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  1. #1
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    Need help with MySQL date-based query

    I am having trouble coming up with a query I want to turn into a MySQL view.

    I have a table that lists elected positions held by our members and the start and end dates of those positions. Some of the positions are 2 year terms. Some positions are held for multiple terms.

    I want to create a view that lists the persons ID and the description of the position held grouped by year

    I need to include every year that the person held a position.

    The problem I am having is that the records show the span of years from start to end, sometimes spanning several years, and I need the view to show all of the in-between years.

    The 1st picture shows what my end result should be. The problem area is in the case of Director 1 where his records show a start date of 5/1/1998 and an end date of 4/30/2000. How do I get the query to include and show the line for 1999?

    The 2nd picture shows the table I am working with.

    QueryResult.jpg table.jpg

    There's probably an easy solution but I have been scratching my head and scouring the internet for 2 days and haven't come up with a way to do it.

  2. #2
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    Hmmm... I don't see why a query grouping by year and Id wouldn't work?

    Something like.

    SELECT Year, ID, Position
    FROM ...
    GROUP BY Year, ID, Position (basically all the fields used in the select that are not aggregation functions)
    Rui
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    R4

  3. #3
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    I don't understand how that would extract the year 1999 from a record that has a start date of 5/1/1998 and an end date of 4/30/2000 and create a result row.
    Are you mistaking my desired results for the actual table I'm working with?

  4. #4
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    Yes, I misinterpreted your desired result with the starting table.

    For that situation, I don't see a way out other than using cursors. Cursors in MySQL are not that fun, tbh and I think I wrote just one in my entire life . I suggest you take a look at cursors (and stored procedures) to see how that could be done.

    The idea is to have a stored procedure that would run a cursor that picks each of the records in the start table and would loop through them, adding records to a temporary table. At the end, the stored procedure would simply return all the records in the table.
    Rui
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  5. #5
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    Sorry to barge in late, but unlike ruirib I've never ever used a cursor - there's always a better way.

    For these sort of queries a calendar table is usually the answer. It is just a table with one date field, starting as early as you need and going on until after you're likely to retire (that way you won't have to field the complaints when it runs out of entries!). Creating a calendar table can be done several ways, but the easiest may be to create a single column Excel sheet, save as CSV and import into MySQL using "load data infile" (make sure you format the Excel dates for MySQL).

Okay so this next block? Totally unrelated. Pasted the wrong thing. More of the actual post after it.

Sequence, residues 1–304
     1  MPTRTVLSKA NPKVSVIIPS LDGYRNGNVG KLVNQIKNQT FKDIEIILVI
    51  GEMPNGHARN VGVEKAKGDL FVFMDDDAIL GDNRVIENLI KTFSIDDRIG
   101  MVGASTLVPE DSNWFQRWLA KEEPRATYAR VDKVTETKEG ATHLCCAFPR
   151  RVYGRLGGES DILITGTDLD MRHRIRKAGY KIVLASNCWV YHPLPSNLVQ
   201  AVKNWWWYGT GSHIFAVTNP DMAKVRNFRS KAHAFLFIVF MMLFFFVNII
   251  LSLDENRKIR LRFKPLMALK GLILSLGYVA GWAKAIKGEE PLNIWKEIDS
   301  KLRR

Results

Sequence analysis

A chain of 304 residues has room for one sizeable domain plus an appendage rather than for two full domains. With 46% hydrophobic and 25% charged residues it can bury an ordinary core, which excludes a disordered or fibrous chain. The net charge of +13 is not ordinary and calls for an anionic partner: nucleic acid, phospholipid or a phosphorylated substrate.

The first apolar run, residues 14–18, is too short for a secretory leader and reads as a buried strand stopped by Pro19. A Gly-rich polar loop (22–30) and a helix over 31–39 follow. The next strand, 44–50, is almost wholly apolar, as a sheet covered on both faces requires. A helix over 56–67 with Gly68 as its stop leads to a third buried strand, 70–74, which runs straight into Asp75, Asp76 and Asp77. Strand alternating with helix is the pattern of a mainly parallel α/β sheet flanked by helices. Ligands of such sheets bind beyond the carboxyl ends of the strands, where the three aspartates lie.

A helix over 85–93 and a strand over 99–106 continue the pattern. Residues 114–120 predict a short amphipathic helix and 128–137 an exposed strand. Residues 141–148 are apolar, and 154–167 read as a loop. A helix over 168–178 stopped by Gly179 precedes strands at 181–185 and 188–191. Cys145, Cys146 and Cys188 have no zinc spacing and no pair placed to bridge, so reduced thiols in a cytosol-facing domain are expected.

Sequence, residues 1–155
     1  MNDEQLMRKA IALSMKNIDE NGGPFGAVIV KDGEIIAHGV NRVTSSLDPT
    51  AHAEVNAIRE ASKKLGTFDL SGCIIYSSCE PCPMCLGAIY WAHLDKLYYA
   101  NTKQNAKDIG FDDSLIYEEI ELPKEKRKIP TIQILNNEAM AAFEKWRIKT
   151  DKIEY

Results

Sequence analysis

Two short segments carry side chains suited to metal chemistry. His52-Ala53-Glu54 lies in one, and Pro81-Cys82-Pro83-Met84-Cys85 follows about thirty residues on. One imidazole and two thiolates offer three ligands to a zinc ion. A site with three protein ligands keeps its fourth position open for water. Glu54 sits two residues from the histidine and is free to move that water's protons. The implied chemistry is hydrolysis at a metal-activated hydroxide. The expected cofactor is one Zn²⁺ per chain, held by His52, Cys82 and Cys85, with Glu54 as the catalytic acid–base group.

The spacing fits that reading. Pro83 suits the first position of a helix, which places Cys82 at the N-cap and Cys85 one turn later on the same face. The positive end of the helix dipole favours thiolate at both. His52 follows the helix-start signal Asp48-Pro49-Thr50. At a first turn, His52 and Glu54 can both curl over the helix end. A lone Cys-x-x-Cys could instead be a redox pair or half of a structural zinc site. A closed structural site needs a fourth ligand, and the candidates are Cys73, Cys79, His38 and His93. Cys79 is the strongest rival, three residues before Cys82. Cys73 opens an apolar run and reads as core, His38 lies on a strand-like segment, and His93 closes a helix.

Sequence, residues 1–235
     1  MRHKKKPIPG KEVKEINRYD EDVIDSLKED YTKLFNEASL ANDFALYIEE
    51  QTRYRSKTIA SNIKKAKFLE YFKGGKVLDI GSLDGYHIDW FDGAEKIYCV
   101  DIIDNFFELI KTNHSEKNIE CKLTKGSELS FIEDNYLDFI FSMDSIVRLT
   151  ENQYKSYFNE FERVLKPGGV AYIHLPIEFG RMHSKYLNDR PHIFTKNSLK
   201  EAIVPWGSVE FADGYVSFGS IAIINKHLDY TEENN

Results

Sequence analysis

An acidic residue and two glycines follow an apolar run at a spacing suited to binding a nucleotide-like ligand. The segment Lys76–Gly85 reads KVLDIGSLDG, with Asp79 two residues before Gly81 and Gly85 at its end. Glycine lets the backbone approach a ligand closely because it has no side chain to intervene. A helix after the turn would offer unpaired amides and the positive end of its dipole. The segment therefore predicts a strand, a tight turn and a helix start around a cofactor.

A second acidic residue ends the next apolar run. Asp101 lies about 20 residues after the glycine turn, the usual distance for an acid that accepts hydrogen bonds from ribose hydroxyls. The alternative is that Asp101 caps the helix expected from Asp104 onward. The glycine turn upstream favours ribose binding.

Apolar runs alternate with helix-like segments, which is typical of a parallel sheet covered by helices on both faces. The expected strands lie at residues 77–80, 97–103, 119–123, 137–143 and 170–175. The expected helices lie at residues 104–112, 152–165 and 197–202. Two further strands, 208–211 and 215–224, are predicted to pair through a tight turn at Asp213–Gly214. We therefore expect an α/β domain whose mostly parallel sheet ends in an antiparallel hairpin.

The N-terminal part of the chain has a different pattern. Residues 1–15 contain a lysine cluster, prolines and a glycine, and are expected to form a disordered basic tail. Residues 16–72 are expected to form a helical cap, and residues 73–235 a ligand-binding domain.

Then your query is easy. Something like:

    select
    year(calDate)
    ,praPerson
    ,rnkName
    from tblCalendar
    inner join tblPersRank on calDate >= praStartDate and calDate <= praEndDate
    inner join tblRanks on praRank = rnkID
    group by year(calDate), rnkID, praPerson

    Substitute your own table and field names above, those are from a similar query in my library. Note that you could use distinct on the select instead of group by, but then you'd need to sort, and I've found group by is faster. Also, in the year a post changes you'll see two incumbents if the change occurs during the year. You could refine the query to use company years instead of calendar years if posts always change at the AGM. In fact that is a field you could add to the calendar table - it can be a very useful table (add company reporting period numbers, holidays, etc.)

    Ian.

  6. #6
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    Thanks for that suggestion Ian. I'll give that a try. I did find a way to get what I needed in a round about way within my primary view but it amounts to just a yes/no value based on an IF statement and an EXISTS clause in the query. It works but I would rather have a way to get the office title and your method appears that it would allow that. My only problem would be the additional table since it's a vendor supported database and I would run the risk of having to recreate the table if for some reason they deleted it.

  7. #7
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    Hi

    I've had similar issues with adapting commercial products. I'd be surprised if they applied updates by wiping the database and reloading their data, that can be risky and time consuming. Most likely they just run an SQL script to update the things they know about - that's how I do it. But the simple solution is to recreate the calendar table if they delete it. You can use the "mysqldump" facility to save and restore a backup.

    Safest solution is to create a new MySQL database (schema) and put the calendar table and your new view in there. You'd need to preface all table/view references with the new database name (newdb.tblCalendar) rather than just using the default database, and your view would then need to similarly preface all references to objects in the original database.

    Ian.

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